Beginning Dec. 15, Delta Air Lines has announced it will be the first US airline to ask customers traveling to the US from an international location to voluntarily provide these five pieces of information to aid contact tracing and public health follow-up efforts:
• Full name
• E-mail address
• Address in the US
• Primary phone
• Secondary phone
By sharing five pieces of information, inbound travelers can help US government and health officials reduce instances of potential exposure and provide travelers with important public health information.
The airline says it is partnering with the Centers for Disease Control and Prevention to keep international customers informed of potential COVID-19 exposure through contact tracing.
Currently, if a passenger is confirmed to be infectious while traveling, the CDC has to request a passenger manifest from Delta to identify all customers seated two seats around the confirmed case. This information is then transmitted to the appropriate local health departments for follow-up in their own jurisdiction.
The new process aims to streamline contact-tracing efforts by directly and securely transmitting the five requested customer data points to the CDC via US Customs and Border Protection. This will allow the CDC to dramatically decrease the time it takes to notify affected customers via local health departments.
The airline says the customer data collected through this voluntary process is sent to the CDC using established channels between airlines and CBP for the Advance Passenger Information System, assuring the security and privacy of the data.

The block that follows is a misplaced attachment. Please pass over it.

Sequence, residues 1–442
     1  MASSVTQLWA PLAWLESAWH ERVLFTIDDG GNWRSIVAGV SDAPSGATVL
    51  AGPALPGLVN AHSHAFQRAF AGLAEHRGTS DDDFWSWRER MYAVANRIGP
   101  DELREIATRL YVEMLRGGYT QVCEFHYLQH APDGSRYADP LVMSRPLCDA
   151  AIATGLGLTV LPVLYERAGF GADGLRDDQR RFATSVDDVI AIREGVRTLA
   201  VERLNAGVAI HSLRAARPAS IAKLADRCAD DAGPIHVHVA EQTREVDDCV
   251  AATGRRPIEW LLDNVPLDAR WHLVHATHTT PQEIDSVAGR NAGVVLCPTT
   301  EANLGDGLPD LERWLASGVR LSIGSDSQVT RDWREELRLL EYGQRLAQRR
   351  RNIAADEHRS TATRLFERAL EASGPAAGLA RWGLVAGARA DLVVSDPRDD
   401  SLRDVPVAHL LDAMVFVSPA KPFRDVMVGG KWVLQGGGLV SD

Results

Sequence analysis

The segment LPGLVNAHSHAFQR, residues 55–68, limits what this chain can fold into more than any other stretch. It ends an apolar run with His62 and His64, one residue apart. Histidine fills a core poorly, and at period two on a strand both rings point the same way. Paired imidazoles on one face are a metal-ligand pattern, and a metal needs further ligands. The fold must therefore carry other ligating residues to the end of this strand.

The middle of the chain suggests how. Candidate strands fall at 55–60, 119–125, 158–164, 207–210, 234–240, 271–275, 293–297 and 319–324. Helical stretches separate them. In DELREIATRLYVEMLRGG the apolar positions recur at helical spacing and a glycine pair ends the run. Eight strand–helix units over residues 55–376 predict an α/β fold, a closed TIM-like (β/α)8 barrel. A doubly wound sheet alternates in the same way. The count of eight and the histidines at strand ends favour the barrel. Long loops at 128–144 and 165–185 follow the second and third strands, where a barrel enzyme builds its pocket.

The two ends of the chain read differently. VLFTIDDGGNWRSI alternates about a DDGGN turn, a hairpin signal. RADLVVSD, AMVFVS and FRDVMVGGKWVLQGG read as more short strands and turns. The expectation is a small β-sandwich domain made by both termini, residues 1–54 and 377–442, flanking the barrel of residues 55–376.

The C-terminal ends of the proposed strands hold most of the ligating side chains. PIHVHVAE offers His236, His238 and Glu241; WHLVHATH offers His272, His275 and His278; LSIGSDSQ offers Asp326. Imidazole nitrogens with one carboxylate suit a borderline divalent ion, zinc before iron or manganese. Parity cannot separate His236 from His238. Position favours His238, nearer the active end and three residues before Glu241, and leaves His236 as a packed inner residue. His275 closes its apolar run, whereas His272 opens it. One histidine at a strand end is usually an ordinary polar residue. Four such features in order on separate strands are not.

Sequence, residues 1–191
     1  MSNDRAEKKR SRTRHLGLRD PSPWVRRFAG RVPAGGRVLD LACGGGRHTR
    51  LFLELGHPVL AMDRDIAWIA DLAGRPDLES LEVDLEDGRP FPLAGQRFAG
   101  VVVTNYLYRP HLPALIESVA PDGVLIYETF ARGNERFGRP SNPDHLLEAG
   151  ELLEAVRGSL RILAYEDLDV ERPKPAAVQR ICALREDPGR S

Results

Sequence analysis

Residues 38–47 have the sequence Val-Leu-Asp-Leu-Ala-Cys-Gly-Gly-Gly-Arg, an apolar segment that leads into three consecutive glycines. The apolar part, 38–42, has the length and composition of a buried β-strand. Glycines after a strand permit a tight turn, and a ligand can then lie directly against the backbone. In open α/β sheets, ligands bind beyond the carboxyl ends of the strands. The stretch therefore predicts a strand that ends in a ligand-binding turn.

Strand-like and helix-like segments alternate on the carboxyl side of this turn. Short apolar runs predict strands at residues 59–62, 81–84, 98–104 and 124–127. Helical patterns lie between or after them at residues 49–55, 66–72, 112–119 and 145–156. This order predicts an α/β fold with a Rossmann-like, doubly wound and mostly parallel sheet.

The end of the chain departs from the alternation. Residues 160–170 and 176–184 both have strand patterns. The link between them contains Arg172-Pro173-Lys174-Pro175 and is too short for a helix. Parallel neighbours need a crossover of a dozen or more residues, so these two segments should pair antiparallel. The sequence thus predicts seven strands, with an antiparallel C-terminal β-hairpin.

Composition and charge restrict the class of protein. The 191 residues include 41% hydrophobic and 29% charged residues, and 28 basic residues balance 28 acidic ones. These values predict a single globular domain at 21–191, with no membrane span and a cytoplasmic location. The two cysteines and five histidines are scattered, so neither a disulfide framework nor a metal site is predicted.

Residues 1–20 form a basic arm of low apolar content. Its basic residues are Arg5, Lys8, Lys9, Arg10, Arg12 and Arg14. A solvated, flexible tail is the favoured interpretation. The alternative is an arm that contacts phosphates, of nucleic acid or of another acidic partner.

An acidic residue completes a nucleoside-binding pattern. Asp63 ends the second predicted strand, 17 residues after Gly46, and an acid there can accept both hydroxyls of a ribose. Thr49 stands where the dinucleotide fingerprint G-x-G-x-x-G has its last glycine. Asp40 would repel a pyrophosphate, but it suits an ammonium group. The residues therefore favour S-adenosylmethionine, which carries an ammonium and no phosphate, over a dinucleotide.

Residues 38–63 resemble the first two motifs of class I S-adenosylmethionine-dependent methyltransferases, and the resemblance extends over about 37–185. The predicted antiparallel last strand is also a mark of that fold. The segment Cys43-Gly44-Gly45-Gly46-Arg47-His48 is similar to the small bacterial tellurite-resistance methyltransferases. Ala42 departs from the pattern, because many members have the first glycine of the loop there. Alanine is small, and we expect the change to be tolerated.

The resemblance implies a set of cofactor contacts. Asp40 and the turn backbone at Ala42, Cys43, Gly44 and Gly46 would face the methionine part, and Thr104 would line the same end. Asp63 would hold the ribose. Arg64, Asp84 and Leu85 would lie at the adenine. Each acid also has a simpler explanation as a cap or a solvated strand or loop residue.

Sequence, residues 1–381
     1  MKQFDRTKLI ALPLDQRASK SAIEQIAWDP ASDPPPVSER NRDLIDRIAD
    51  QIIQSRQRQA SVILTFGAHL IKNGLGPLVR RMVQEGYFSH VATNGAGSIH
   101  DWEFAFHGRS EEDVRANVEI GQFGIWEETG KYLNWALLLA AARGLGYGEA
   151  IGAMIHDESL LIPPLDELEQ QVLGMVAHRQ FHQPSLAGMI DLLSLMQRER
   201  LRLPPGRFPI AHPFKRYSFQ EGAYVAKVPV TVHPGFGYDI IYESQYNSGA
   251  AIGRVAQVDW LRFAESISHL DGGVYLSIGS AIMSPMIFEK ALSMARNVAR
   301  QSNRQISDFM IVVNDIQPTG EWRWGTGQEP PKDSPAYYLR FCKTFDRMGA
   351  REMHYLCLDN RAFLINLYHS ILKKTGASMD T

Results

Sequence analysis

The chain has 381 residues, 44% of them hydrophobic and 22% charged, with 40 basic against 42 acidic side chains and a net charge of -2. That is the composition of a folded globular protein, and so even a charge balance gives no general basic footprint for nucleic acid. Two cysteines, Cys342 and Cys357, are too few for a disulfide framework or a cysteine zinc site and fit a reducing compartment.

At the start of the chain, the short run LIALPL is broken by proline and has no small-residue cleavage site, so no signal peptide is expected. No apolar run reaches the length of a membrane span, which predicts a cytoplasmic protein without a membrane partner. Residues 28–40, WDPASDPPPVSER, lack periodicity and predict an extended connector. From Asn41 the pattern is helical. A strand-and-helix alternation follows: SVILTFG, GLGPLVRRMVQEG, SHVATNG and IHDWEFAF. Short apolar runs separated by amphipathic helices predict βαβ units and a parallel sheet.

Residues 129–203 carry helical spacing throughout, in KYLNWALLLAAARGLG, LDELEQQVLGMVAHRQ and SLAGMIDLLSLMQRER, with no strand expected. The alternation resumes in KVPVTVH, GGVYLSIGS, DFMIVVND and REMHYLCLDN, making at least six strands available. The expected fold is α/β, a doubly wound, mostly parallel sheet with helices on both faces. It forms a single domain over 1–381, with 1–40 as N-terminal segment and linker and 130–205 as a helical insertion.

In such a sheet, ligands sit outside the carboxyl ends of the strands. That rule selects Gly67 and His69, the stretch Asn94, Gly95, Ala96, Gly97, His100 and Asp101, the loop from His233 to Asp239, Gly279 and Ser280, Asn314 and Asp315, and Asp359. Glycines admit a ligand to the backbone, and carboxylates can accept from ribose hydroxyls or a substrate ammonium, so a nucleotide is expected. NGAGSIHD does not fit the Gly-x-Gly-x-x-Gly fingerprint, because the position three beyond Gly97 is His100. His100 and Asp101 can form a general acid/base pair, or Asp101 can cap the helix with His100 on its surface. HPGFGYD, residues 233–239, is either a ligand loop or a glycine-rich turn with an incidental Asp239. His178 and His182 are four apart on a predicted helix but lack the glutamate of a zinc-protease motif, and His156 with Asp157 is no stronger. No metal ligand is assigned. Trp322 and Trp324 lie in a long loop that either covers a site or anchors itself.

Customers and those in their itinerary can voluntarily participate in the contact-tracing program if they are:
• Flying on any Delta-operated flight
• A foreign national and/or a US passport holder traveling to the United States as your final destination
The submission of contact information will be required on Delta’s trial program of a new multiple test protocol to enable “COVID-free” flights between the US and Italy. Beginning Dec. 19, Delta is relaunching its route between Atlanta and Rome Fiumicino limited to passengers who are willing to subject themselves to a series of tests for the virus:
• A COVID Polymerase Chain Reaction (PCR) test taken up to 72 hours before departure
• A rapid test administered at the airport in Atlanta before boarding
• A rapid test on arrival in Rome-Fiumicino
• A rapid test at Rome-Fiumicino before departure to the United States
Only passengers who have gone through the testing procedure and whose results are negative will be permitted to board the flights.
“Along with our nine global airline partners, we are working with government agencies, health officials and aviation authorities to offer safer travel at every point in your journey,” the airline said in a statement.